Doing work you love still involves work

“It just doesn’t feel like work!”

How many times have you heard someone say those words about their dream job? It’s true! When you’re in the role or responsibility that fits your unique personality and skill set, work doesn’t feel like work.

This is a huge blessing, but it’s also a big deception. Thomas Edison said, “Genius is 1% inspiration and 99% perspiration.” This is the bedrock of Behance’s 99U Conference: innovation driven by perspiration. (Forbes)

One of the biggest challenges I hear from new entrepreneurs or anyone starting a movement is that it takes a lot of work. “I didn’t expect it to take this much work!” Yep, I understand. The biggest misconception of chasing your dreams is thinking everything will come easily because you’re finally in your sweet spot. Doing work you love still involves work.

I love writing. I dreamed of pursuing writing full-time three or four years ago. In October 2013 I got the opportunity to launch my dream as a full-time writer. Writing comes easily to me, but I also have to work a lot to take what’s natural and try to make it exceptional. It’s more than simply stitching words together; it’s closing the thin but extremely difficult margin between good and great that countless writers fail to achieve.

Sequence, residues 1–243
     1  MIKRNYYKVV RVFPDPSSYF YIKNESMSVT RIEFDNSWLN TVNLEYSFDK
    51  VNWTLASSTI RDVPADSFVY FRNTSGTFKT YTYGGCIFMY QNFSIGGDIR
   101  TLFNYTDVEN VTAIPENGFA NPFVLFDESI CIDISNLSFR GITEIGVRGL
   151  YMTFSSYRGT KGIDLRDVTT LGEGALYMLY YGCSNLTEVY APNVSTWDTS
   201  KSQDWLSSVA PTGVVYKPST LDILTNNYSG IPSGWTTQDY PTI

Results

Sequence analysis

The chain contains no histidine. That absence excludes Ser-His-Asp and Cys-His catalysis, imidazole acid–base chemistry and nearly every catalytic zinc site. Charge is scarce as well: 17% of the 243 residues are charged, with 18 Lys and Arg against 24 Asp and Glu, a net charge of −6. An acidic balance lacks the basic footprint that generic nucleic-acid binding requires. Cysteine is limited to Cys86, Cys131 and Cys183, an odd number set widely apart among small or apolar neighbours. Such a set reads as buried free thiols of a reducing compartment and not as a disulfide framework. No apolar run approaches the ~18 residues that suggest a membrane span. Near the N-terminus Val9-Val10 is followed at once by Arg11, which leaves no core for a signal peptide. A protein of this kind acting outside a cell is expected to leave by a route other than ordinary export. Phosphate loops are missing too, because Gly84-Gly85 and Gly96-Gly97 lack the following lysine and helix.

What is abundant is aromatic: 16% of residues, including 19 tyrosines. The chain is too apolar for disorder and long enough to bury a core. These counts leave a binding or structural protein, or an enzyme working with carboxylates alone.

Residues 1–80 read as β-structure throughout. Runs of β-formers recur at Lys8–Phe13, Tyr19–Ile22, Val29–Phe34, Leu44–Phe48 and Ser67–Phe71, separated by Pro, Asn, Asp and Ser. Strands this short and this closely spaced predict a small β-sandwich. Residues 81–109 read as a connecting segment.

It takes work. Lots and lots and lots of work. Chasing your dreams requires more work than you ever expect. It also brings more reward than you’ve ever received. Doing work you love still involves work.

If you’re just beginning on this journey, you may scoff at the idea that you’ll notice how much work is needed. And then, one day you wake up and you realize you’re working 12, 14, maybe even 16-hour days. In fact, the average entrepreneur often puts in between 60-70 hours of work every week. ( I thought this was supposed to be easy!

The key is pairing exceptional work ethic with God-given natural abilities. That’s where the Picassos and Beethovens and Elon Musks and other world-changers find their origins. Chasing your dreams will probably take longer than you want but not as long as you expect. If you dedicate yourself in the confidence that God’s created you to do a unique work, you will succeed.

What’s been your experience with doing work you love? Does it still feel like work? What are the successes or struggles you’ve experienced along the way?

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